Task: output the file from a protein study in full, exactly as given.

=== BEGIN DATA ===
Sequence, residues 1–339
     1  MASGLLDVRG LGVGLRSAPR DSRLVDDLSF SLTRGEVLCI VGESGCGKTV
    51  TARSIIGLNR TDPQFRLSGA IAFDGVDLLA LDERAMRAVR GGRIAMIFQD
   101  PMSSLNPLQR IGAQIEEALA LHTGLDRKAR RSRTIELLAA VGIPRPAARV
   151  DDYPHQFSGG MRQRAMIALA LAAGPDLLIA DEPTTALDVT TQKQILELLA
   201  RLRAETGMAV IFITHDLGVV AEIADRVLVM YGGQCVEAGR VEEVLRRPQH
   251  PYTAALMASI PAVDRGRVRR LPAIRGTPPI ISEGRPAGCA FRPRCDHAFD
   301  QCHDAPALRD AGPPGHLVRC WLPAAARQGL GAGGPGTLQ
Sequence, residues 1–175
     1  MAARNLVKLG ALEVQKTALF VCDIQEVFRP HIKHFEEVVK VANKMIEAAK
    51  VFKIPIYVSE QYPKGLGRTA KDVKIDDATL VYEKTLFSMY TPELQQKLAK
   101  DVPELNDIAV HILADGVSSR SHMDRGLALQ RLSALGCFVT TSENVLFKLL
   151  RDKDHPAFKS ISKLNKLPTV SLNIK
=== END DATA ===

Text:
Sequence, residues 1–339
     1  MASGLLDVRG LGVGLRSAPR DSRLVDDLSF SLTRGEVLCI VGESGCGKTV
    51  TARSIIGLNR TDPQFRLSGA IAFDGVDLLA LDERAMRAVR GGRIAMIFQD
   101  PMSSLNPLQR IGAQIEEALA LHTGLDRKAR RSRTIELLAA VGIPRPAARV
   151  DDYPHQFSGG MRQRAMIALA LAAGPDLLIA DEPTTALDVT TQKQILELLA
   201  RLRAETGMAV IFITHDLGVV AEIADRVLVM YGGQCVEAGR VEEVLRRPQH
   251  PYTAALMASI PAVDRGRVRR LPAIRGTPPI ISEGRPAGCA FRPRCDHAFD
   301  QCHDAPALRD AGPPGHLVRC WLPAAARQGL GAGGPGTLQ
Sequence, residues 1–175
     1  MAARNLVKLG ALEVQKTALF VCDIQEVFRP HIKHFEEVVK VANKMIEAAK
    51  VFKIPIYVSE QYPKGLGRTA KDVKIDDATL VYEKTLFSMY TPELQQKLAK
   101  DVPELNDIAV HILADGVSSR SHMDRGLALQ RLSALGCFVT TSENVLFKLL
   151  RDKDHPAFKS ISKLNKLPTV SLNIK